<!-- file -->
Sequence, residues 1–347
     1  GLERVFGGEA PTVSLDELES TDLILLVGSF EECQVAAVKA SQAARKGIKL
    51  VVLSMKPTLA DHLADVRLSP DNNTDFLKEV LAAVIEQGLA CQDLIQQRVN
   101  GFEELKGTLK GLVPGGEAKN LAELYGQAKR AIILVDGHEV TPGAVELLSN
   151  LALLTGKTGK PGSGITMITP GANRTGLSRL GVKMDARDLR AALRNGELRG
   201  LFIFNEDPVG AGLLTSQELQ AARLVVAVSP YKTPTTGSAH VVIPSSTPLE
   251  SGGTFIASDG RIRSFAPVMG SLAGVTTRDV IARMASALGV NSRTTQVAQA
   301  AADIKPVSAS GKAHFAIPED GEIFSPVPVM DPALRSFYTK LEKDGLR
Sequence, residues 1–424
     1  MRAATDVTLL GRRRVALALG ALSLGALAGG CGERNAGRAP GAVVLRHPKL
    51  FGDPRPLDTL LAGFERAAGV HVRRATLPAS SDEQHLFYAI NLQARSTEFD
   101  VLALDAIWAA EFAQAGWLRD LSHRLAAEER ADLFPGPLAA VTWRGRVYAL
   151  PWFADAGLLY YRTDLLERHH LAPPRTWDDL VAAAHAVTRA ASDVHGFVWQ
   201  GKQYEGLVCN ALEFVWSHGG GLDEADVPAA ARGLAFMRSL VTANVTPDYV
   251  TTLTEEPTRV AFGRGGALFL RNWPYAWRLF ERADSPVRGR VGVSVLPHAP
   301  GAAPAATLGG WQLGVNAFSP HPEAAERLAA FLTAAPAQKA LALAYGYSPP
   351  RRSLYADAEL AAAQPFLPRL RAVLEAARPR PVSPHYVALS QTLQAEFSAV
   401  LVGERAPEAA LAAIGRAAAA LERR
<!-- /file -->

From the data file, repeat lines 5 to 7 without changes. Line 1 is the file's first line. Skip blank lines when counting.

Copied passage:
   151  LALLTGKTGK PGSGITMITP GANRTGLSRL GVKMDARDLR AALRNGELRG
   201  LFIFNEDPVG AGLLTSQELQ AARLVVAVSP YKTPTTGSAH VVIPSSTPLE
   251  SGGTFIASDG RIRSFAPVMG SLAGVTTRDV IARMASALGV NSRTTQVAQA